Grand Finale and Fresh Start
May the words of God make our hearts beat
The grand finale Torah portion (Parashat V’zot Habracha ) begins with these words:
“And this is the blessing with which Moses the man of God blessed the children of Israel before his death… the LORD came from Sinai… From His right hand… Came a fiery law for them…Yes… Everyone receives Your words.” (Deuteronomy 33)
The holiday of Sukkot marks the completion of the traditional yearly cycle of reading the entire Torah (first 5 books of the Hebrew Bible). This portion seals the book of Deuteronomy. Immediately afterwards, a new cycle of reading the Torah starts as we begin again in Genesis 1.
The final Torah portion from Deuteronomy 33 begins with the words of Moses’ parting from his people. It is a Goodbye, from a place of blessing, out of a sense of well-being and provision, just like a grandfather taking leave of his children and grandchildren at a ripe old age. Here we have a last will and testament of a spiritual father to his people. Here we see Moses complete his earthly journey in a dramatic moment, just as the people complete their 40-year journey through the wilderness.
At first, Moses’ words are directed to Israel as a whole, and then he addresses each and every tribe. It is very reminiscent of how Jacob blessed these same tribes in Genesis 49. Jacob addressed each and every son separately. And now these sons have become tribes. And these tribes have together become a people, a nation. The nation is about to cross over into its land, about to come home. This Torah portion ends with the death of Israel’s greatest leader, the man who spoke with God face-to-face (Deuteronomy 34:10) and guided this people toward the way of life.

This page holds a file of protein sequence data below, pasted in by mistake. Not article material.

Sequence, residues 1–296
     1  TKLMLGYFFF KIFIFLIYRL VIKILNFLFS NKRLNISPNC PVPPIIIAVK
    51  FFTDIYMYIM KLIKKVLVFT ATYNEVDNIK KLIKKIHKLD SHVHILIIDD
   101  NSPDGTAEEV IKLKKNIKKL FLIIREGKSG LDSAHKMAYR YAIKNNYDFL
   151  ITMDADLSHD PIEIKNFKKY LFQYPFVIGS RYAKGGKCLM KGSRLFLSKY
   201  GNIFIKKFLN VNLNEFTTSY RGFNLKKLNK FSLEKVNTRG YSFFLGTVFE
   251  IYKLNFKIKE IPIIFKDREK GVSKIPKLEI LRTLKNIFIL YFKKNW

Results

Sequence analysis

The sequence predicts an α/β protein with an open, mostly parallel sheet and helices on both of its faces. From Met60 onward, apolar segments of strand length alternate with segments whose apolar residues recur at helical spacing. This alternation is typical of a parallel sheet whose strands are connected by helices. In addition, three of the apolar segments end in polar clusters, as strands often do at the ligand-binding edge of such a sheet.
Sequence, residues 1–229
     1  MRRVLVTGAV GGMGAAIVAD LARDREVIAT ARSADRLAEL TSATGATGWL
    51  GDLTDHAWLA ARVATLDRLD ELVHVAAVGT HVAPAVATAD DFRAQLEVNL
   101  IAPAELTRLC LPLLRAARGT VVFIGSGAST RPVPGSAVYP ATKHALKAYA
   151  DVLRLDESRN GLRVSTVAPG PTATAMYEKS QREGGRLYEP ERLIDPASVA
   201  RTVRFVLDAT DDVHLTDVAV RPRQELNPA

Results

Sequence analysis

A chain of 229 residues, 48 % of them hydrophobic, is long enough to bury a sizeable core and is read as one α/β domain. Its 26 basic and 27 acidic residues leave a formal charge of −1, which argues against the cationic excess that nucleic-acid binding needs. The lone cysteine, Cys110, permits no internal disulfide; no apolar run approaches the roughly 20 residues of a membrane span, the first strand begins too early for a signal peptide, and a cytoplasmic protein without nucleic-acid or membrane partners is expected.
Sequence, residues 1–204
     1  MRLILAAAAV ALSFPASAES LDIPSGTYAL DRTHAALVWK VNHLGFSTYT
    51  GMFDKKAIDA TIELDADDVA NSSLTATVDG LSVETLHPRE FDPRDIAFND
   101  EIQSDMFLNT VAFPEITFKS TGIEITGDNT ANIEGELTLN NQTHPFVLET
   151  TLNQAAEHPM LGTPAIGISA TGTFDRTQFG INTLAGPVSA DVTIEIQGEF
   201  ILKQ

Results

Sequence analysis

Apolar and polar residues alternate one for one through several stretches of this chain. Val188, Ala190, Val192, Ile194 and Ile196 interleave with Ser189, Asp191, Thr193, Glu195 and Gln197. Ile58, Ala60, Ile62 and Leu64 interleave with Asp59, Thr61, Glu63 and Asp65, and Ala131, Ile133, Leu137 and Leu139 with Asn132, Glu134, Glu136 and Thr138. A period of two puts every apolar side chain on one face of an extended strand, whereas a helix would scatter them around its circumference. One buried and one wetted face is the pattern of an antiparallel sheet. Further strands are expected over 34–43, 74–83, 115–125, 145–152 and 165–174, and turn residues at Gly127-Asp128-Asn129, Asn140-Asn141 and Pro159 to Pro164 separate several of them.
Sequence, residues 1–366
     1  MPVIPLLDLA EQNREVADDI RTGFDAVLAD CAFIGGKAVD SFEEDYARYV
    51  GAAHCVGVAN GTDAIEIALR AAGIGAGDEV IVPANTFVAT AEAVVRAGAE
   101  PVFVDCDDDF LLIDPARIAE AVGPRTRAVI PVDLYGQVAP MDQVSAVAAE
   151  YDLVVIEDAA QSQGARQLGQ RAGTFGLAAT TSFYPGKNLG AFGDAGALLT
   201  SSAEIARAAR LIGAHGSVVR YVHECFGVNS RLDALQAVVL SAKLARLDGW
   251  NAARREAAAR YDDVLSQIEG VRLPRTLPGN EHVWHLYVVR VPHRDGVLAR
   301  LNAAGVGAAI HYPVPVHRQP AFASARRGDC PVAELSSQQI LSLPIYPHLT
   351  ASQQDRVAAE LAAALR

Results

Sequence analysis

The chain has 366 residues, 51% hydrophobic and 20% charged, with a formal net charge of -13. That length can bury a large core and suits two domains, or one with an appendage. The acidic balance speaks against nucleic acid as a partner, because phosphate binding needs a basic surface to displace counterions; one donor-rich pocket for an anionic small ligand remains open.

What now? Is this the end? Do we stay with Moses outside of the Promised Land and mourn his death? Where is the happy ending?
In the Torah, unlike a classic Hollywood movie, there is no perfectly happy ending. In fact there is no end at all. We finish the last verses of Deuteronomy, and immediately return to the beginning of Genesis, to re-engage. Forever and ever. That which has been is what will be (Eccl. 1:9).
So symbolic. So eternal. So infinite. Moses finishes. Moses starts.
Each time we read, suspense builds, even though we know exactly what will happen. There will be chaos and darkness, and there will be light and creation will begin. And everything will be “re-embodied” again before our eyes. Every year anew, everything is new… new every morning.
Each time we have to say goodbye, we experience parting again. Love is always new. Every birth and every death. And all of us, no matter where we are, just like the children of Israel, are commanded to start anew every day.
Be strong and courageous! Awaken with hope to hear the voice of God speaking into the darkness, and to start afresh.
And every time we read Genesis is different from its predecessor. Our perspectives slowly grow and change. Even as we read the same words, they seem to change along with us. Every day the sun is new, a “different kind of same.” Finished but not yet the end of the story.
I, for my part, wish to send each of you a congratulatory blessing today, for renewed action and good deeds. May you feel renewal pulsating in your life, filling your day, leading you in your calling, in your destiny. May you live fully, in the present, with passion, focusing on each moment. May you look and say, like God did, “It is very good” (Genesis 1:31).
Wishing us all a very happy next 12 months in the Bible. May the words of God make our hearts beat, and may every reading open our eyes and our souls to see exactly what we need to see right now.
“And this is the blessing with which Moses the man of God blessed the children of Israel before his death…
the LORD came from Sinai
And dawned on them from Seir;
He shone forth from Mt. Paran,
And He came with ten thousands of saints;
From His right hand,
Came a fiery law for them.
Yes, He loves the people [the nations].
All His saints are in Your hand;
They sit down at Your feet;
Everyone receives Your words.” (Deuteronomy 33:1-3)